Skepticism and the Prediction Objection

In: International Journal for the Study of Skepticism

It is an influential and often repeated objection to external world skepticism that skeptical theories lead to implausible predictions about the patterns of ordinary epistemic discourse and thought. Since skepticism entails that we know nothing, or only very little, about the external world, the skeptic seems unable to explain why competent speakers constantly ascribe such knowledge to both themselves and others. Uncontroversial facts about every day communication hence appear to present a strong reason to reject skeptical conditions on knowledge. In this paper, however, I argue that this objection to skepticism underestimates the means that a skeptic has available to account for people’s anti-skeptical assertions and judgments. A modest and highly plausible error theory enables the proponents of a familiar type of skeptical underdetermination principle to provide a compelling explanation of our linguistic and doxastic behavior. So there is a type of skepticism with a powerful response to the charge that skeptical theories lead to unacceptable predictions.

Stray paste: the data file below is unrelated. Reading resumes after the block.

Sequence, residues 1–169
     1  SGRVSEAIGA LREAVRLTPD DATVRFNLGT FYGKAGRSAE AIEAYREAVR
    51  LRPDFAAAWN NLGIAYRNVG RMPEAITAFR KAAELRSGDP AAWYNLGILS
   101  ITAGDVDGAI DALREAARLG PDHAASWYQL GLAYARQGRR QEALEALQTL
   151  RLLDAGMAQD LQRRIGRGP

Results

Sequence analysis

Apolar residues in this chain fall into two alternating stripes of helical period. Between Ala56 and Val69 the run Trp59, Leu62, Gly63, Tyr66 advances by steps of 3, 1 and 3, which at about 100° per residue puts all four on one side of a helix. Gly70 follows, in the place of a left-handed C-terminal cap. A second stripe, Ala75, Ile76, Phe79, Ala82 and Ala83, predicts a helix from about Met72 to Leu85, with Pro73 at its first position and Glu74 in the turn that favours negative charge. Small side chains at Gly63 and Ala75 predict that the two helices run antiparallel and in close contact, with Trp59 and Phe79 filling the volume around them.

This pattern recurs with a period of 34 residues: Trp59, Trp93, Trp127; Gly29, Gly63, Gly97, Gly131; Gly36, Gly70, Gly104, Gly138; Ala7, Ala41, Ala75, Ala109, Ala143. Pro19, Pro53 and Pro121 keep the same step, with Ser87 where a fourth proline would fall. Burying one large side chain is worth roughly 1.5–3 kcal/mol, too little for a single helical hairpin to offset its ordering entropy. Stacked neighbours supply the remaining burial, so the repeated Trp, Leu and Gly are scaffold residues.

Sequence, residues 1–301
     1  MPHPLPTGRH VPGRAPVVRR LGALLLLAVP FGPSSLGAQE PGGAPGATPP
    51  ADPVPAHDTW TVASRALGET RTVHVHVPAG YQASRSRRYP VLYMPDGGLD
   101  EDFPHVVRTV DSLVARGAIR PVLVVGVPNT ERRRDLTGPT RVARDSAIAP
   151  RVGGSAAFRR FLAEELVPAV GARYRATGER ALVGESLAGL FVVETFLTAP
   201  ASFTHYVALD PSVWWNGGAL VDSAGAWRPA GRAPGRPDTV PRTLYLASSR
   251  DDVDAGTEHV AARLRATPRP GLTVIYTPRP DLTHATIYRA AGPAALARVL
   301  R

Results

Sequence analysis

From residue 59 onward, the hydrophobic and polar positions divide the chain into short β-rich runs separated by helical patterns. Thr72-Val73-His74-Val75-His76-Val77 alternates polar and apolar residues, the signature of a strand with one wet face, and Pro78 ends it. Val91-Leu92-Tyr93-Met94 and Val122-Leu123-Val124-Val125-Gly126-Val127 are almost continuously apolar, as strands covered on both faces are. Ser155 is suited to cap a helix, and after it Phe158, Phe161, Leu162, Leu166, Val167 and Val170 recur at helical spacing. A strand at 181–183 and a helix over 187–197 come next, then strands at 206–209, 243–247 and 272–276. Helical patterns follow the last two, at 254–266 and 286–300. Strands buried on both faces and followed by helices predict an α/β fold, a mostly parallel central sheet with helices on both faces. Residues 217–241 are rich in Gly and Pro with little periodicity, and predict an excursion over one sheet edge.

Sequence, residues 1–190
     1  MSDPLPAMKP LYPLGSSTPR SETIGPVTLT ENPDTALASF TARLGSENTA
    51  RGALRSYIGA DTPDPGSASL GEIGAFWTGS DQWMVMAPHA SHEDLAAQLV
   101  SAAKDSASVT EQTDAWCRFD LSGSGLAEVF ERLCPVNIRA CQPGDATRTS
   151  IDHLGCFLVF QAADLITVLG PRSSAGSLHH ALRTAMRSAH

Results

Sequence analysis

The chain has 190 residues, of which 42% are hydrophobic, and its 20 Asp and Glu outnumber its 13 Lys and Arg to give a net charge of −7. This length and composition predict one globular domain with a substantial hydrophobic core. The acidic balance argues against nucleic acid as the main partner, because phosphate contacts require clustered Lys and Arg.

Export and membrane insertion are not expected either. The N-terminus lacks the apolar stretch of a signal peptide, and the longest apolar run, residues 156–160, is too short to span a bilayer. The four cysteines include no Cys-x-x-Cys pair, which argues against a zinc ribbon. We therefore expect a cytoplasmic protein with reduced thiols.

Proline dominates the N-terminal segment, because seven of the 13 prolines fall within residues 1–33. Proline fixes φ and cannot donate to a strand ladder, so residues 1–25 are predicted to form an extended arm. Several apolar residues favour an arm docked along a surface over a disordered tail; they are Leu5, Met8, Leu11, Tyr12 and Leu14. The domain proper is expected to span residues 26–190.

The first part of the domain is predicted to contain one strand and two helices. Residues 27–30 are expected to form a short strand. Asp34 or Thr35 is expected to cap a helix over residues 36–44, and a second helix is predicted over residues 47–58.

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  • 2

     See e.g. Schaffer (2005) where it is argued that Lewis’s contextualism is more plausible than the prominent competing versions of contextualism put forward by Cohen (1988; 1999) and DeRose (1995).

  • 8

    Colin Radford’s (1966) famous example with the schoolboys Tom and Jean may serve as a useful illustration.

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